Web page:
Style Napoleon III / Ref.12449
Eugène Piat (attr. to), Gilt-bronze wall light
Width: 13'' 33cm
Height: 55'' ⅞ 142cm
Depth: 35'' ⅜ 90cm
France, 19th century
This important gilt-bronze wall light is a work designed by Eugène Piat (1827 – 1903), the maker is, unfortunately, not known. It is decorated with a hybrid monster, called a chimera, holding a decorated basket where the light is.
This wall light is typical of the fine art and furniture evolution in the second half of the 19th century linked with the development of a rich middle-class, who needed to show their belonging to a certain social rank by choosing abundant decor.
Thus, we observe on our light, an importance given to the decoration which does not settle for just the chimera's body but adds a lot of details. The sinuous body of the monster which seems to be held by an arm of the structure, decorated with repetitive ridges on which one of the two chimera's feet is put, is really mixed up with the entire decorative elements. Indeed, the part that could be considered as the neck at the end of which there is the human head with an open mouth, is in reality a decoration made of curls with vegetal shapes forming a crest all along. Likewise, the wings are inhabited with bronze scrolls and plants and completed with curls which allow a better support for the rest of the light and makes a counterweight to the important basket in which the light is. This basket is hung to the chimera's head by a succession of decorations. One of the two feet is stretched to the basket while the other leaned on a support decorated with a lion mascaron and curls.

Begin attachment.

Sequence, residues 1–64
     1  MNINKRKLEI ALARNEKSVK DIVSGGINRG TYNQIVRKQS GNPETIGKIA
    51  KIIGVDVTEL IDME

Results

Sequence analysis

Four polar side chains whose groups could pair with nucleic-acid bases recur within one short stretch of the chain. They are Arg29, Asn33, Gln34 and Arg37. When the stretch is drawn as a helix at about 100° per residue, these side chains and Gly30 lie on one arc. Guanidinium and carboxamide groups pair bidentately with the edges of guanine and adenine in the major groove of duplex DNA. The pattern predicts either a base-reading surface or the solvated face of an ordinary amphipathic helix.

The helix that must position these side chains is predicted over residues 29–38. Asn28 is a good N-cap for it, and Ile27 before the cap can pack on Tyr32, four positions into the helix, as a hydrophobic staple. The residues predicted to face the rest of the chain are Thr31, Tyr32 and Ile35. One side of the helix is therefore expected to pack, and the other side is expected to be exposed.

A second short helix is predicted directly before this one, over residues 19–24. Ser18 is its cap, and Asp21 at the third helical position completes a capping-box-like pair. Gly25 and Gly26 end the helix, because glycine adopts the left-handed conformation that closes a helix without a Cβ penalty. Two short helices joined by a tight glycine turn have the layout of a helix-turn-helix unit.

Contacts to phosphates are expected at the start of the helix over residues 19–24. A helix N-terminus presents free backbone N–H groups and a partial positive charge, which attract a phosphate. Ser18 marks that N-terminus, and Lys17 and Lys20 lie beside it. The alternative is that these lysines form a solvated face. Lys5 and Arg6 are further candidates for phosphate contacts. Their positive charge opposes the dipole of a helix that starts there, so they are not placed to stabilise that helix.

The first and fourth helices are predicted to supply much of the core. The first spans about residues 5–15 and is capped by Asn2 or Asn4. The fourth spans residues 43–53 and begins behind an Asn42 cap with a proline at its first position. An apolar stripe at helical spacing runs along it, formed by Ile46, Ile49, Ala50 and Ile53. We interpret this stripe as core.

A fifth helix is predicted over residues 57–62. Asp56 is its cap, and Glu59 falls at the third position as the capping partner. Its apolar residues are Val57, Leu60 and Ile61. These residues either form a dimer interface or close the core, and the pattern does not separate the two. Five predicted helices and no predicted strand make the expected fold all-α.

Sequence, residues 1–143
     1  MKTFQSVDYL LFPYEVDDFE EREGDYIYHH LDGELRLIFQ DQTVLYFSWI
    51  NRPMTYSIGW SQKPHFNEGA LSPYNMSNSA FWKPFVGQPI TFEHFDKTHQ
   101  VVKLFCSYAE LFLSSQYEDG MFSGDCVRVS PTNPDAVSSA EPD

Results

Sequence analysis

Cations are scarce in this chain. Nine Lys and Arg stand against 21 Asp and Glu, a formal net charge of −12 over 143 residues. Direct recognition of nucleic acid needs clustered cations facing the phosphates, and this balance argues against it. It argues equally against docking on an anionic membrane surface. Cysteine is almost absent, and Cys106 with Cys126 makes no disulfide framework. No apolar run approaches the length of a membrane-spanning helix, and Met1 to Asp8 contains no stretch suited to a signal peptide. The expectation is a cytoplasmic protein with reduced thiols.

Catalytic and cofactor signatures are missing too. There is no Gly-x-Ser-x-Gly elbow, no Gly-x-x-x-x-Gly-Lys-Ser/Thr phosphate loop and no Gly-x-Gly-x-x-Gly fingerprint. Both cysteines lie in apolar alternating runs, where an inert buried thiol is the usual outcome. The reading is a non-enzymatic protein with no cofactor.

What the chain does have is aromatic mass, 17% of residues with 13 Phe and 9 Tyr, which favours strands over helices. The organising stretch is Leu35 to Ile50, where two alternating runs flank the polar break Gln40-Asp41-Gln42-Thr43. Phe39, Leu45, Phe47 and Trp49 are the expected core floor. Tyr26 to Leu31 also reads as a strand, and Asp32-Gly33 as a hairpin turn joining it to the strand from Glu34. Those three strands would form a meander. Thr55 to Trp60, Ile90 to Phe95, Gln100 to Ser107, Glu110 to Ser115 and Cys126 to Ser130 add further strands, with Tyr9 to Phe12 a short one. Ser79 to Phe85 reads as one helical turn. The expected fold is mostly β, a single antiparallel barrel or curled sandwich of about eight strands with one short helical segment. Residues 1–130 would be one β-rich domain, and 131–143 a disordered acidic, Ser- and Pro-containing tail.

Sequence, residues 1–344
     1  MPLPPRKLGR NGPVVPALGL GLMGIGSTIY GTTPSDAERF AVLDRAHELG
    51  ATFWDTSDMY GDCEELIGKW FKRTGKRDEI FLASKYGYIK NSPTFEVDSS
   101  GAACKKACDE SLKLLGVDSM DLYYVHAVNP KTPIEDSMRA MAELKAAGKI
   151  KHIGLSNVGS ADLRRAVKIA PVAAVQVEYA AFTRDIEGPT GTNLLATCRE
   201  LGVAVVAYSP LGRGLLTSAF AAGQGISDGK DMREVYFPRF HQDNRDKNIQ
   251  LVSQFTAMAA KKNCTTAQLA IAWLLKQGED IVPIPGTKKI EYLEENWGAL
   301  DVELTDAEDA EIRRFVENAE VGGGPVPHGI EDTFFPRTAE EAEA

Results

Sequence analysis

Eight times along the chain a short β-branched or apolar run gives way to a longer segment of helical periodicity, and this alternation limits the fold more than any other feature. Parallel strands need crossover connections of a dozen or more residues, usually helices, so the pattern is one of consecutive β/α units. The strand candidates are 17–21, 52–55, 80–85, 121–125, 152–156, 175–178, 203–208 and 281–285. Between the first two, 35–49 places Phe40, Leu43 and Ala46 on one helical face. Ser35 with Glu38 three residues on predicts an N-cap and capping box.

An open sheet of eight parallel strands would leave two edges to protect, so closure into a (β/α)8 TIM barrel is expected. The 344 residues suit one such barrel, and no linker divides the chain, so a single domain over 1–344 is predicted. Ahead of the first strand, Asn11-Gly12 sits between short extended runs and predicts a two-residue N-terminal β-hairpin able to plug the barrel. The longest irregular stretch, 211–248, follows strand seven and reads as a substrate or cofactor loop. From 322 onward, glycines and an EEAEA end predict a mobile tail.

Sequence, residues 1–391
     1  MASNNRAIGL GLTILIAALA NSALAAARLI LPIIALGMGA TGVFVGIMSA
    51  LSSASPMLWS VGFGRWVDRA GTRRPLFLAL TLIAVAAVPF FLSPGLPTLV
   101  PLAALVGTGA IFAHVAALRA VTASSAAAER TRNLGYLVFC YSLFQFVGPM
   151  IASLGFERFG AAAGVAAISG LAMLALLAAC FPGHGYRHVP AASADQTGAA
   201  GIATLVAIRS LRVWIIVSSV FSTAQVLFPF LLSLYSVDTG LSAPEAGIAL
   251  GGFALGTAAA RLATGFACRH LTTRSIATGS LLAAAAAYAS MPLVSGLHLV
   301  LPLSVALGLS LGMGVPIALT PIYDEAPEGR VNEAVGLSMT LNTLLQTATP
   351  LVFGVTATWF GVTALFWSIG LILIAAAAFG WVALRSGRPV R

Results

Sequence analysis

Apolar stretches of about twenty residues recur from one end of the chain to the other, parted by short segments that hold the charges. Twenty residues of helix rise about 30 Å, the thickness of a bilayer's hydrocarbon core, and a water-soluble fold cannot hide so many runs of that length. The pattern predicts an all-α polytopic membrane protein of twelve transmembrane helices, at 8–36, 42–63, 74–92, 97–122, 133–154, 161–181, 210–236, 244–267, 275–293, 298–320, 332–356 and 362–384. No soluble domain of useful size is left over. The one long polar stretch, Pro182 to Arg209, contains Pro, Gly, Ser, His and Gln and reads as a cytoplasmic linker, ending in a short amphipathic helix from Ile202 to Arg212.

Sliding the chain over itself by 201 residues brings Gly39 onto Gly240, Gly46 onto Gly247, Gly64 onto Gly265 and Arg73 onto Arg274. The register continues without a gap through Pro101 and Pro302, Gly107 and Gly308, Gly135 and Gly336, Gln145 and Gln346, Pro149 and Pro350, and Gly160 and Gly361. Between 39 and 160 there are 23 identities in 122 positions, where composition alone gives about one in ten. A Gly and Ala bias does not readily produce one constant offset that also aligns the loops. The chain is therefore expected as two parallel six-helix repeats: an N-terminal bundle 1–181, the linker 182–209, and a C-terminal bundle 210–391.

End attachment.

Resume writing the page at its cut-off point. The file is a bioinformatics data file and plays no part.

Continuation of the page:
We notice in this work of art, a mix between inspirations, typical of Eugène Piat's production, known for his creations responding the second half of the 19th century taste for historicism and eclecticism. Particularly fond of hybrid and fantastic figures, we find them very often in his production associated to type of objects, like here to the sinuous wall light. Our wall light responds to many inspirations and especially the Gothic and Renaissance ones, where the fantastic bestiary is particularly present but also because of the decoration choice like the lion mascaron or the vermiculated friezes. Finally, by the choice of sinuous shapes or the shape of the chimera's body which looks like a dragon one, we can also see an asiatic influence, from China, particularly present in the European arts during the second half of the 19th century.
Eugène Piat during his all career collaborated with a lot of bronze makers and sculptors for who he designed models according to their speciality, we can name for instance Louis Léon Marchand (1831 – 1899) or Victor Paillard (1805 – 1886). His numerous collaborations and participations to the International Exhibitions allow him to win important rewards and has contributed to his recognition as a very important artist. At the end of his career, he chooses to give his most important creations to the Troyes museum in France and thus participates to the creation of one of the first museum dedicated to fine arts.
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